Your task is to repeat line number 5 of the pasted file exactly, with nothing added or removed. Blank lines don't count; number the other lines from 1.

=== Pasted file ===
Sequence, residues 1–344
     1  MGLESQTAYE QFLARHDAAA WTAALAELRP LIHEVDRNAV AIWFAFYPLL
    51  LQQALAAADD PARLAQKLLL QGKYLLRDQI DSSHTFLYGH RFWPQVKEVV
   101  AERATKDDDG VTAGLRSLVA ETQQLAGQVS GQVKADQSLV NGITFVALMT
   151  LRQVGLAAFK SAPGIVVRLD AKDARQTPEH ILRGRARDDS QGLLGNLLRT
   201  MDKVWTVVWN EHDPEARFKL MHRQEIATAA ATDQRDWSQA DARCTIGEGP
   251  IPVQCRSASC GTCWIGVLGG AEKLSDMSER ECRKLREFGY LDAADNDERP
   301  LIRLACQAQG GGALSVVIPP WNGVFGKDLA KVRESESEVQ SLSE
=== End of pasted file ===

   151  LRQVGLAAFK SAPGIVVRLD AKDARQTPEH ILRGRARDDS QGLLGNLLRT